Conversations on twitter are intentionally clumsy, the format limits thought to 140 characters but it also puts comments in reverse chronological order: meaning that readers have to scroll down and read up. Thus, conversations that do happen on twitter tend to be more argumentative and less contextual. There is no room for deep context in 140 characters and, in fact, the only conversations that do happen, occur with a shared context already understood between the conversants.

For example, I could be cute and one tweet each of Shakespeare’s plays but for the tweets to be successful, I have to rely on my audience already having read Romeo and Juliet, for example. Only then can they fill in the parts that they want, the quotes they love, the development of Juliet’s character, the regret of Romeo. If you haven’t read the play then all of the beauty is lost, all of the character development is lost, the humanity is lost and reduced to what is essentially a joke. A facade.

But at some point, Twitter stopped being just a place to react without context and became a place to preact. No longer content with just responding to news (that’s old news, perhaps?) people are now predicting a reaction to news that hasn’t happened but that they predict will happen.This is the preaction and it runs the gamut of emotions.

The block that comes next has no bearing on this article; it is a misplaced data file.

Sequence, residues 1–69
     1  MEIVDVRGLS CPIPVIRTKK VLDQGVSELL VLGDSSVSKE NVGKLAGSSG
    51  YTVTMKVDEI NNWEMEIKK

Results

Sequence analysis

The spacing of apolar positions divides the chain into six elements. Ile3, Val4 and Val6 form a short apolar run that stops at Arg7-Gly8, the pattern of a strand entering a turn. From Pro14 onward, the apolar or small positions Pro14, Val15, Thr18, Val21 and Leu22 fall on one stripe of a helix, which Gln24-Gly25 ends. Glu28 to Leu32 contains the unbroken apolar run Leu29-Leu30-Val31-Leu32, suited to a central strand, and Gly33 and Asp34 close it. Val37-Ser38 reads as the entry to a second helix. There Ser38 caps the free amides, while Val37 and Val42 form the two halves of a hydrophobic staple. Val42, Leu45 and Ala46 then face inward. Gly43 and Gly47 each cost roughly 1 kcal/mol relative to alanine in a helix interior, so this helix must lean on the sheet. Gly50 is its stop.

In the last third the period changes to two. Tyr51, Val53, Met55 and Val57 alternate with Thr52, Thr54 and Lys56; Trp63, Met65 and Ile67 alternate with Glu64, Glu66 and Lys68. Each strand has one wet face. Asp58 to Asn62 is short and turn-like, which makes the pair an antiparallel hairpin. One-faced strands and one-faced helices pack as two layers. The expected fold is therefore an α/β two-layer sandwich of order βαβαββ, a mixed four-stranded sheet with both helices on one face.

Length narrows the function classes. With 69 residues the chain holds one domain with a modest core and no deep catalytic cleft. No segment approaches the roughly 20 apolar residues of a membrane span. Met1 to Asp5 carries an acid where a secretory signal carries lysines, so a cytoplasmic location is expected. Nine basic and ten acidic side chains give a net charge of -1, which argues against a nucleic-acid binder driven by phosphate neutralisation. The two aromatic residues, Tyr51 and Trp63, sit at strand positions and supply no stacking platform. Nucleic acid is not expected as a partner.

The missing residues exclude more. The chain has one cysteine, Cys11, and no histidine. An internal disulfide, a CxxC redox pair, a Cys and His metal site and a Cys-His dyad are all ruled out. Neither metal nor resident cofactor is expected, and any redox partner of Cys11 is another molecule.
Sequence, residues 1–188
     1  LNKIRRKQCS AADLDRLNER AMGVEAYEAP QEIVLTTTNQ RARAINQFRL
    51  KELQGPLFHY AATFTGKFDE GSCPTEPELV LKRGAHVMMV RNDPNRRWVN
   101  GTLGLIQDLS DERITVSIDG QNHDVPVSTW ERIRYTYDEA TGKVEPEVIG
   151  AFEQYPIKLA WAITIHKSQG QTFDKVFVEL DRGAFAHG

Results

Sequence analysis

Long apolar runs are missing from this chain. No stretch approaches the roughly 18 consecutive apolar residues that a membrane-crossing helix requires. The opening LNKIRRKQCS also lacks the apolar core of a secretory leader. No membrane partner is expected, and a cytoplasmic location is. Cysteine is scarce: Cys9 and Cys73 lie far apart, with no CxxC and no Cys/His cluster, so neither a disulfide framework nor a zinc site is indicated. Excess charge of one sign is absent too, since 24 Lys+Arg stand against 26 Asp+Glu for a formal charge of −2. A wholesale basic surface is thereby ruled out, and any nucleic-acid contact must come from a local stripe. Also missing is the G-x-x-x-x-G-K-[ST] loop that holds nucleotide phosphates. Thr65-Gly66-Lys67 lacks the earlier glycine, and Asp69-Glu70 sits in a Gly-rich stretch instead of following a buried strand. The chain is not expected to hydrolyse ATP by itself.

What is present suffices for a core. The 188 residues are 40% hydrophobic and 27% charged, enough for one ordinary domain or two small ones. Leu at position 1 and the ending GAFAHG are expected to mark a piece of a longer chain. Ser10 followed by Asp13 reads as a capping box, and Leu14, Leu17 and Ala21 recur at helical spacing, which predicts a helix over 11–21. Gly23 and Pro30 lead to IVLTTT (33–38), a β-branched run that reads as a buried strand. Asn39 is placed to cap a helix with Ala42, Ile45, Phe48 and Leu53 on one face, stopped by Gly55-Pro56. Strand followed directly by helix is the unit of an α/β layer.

The common prediction among Arsenal fans is that the club won’t buy anyone and that then any number of terrible things will befall Arsenal. Some of the “cooler heads” are saying that they are saving their reaction for when the news actually breaks that Arsenal haven’t signed anyone. But some are already predicting Armageddon.

For example, fans are already fighting in the stands so future fisticuffs is an easy prediction, thus the preaction is to start calling either the people who hold up banners names or the people who start throwing blows names. “If anyone says anything about any banners being held up in the match against Liverpool, they have clearly lost the plot.” Though, since they are hiding behind their keyboards it’s probably much stronger words, like “cunt”, “cuntbucket”, “shitwhistle”, or “Allardyce”.

Arsenal have two days before the end of the transfer window and already the widespread prediction is that the reaction on February 1st is going to be something to behold. This article here is my preaction: I’m staying away from Twitter on February 1st, you should too.


20 thoughts on “Preaction over Beckham and Villa reaches all time high

  1. +15 Vote -1 Vote +1Matt

    Here is how I follow the Arsenal: